Committee Report on Petition from Nova Scotia, 9 November 1775


That two Battallions of Marines be raised consisting of one Collonell, two Lt. Collonells, two Majors &c. (officers as usual in other Regiments) that they consist of five hundred Privates each Battalion, exclusive of Officers.

That particular Care be taken that no Persons be appointed to office or inlisted into Said Battalions but such as have actually Served in the Merchant Service as seamen, or so acquainted with maritime Affairs as to be able to serve to advantage by sea, where required.

That they be enlisted and commissioned to be held for and during the present War, between G. Britain and the Colonies, unless regularly dismissed by orders of the Congress.

That they be distinguished by the Name of the 1st. and 2d. Battalion of American Marines.2

That a Sufficient Number of Vessells be taken up, and provided at Newbury Port, or Portsmouth by the 1st. day of December next for transporting Said two Battalions and three Months Provisions, and other Necessaries.

That Said two Battalions be raised and marched to said Place of Rendezvous, by the 1st. of December, and in Case they are not easily raised or there is likely to be delay, that the General Draught out of the Forces under his Command to make up, any such Deficiency, of those who have been employed at sea if such are to be had.

That Said Battalions, shall be armed in the following Manner, vizt. a light Fusee,3 fitted for Slinging, a large Hatchet with a long Handle, and a Spear, with thirty two Rounds per Man of Ammunition.

That a Number of Men be immediately Sent into Nova Scotia, to inform themselves of the Temper and Disposition of the Inhabitants of that Colony with respect to the Present Struggle between G. B. and these Colonies, and how far they may be willing or able to take an active Part in the present Dispute.4

That two swift Sailing Boats be employed constantly to ply between Minas and Portsmouth or Newbury to bring Intelligence of the State and Situation of the Province, in general, but most minutely of every Thing, respecting the Town and Harbour of Hallifax.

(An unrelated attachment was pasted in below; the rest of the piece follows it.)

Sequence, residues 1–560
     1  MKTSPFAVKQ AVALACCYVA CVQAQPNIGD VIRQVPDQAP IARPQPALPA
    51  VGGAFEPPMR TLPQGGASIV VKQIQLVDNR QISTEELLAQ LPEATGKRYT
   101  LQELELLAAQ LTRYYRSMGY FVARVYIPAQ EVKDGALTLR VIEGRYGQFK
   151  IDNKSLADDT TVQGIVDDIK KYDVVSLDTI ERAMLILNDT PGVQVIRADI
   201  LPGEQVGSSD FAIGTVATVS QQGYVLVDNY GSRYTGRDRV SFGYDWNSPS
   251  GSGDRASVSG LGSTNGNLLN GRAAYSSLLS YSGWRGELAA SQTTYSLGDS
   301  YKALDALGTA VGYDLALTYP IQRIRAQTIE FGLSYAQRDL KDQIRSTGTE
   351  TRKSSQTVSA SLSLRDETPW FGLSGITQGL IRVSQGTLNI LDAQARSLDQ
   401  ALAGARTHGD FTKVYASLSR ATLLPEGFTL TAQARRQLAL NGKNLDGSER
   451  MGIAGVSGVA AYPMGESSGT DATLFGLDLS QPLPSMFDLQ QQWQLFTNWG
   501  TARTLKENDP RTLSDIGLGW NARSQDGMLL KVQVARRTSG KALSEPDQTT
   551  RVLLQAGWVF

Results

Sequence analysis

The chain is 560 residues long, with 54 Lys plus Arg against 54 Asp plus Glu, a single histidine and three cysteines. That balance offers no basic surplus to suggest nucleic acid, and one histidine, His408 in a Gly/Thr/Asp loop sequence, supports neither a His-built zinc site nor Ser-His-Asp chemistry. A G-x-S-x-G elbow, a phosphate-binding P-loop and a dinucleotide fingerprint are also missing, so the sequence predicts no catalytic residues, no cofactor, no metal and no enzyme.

That as soon as the Said two Battallions, shall be arrived, at either of Said Ports and the situation of that Colony and the Town of Hallifax shall be known the Said Battallions embark for Minas and make their Voyage with all possible Dispatch.

That previous to their Arrival, Horses and Carriages, be privately engaged for their Use, and that on their Landing they immediately make a forced March for Hallifax and possess themselves of that Town and of the naval and other Stores there and if practicable of the Shipping.

Note. Coll. Arnolds Expedition was Supposed in Boston to have been against this Place, which caused the General to send thither Shipps, and Troops, but not enough to make Resistance to two Such Battallions. Further the Country are intirely in our favour, a few Scotch Traders and renegade Tories excepted.

Should this Expedition by any Accident be found impracticable, these would be two Battallions of the Utmost service, being capable of Serving either by sea or Land.

Should the Expedition succeed, the Consequences will be of the Utmost Importance, nothing less than the greatest Distress, if not the Utter Ruin of the ministerial Navy in America. The Naval Stores in that Place are Said to be of vast Value, the Docks and Barracks and Yards cost the Nation more than one Million sterling, and is the only Place at which Shipps of War can refitt in America.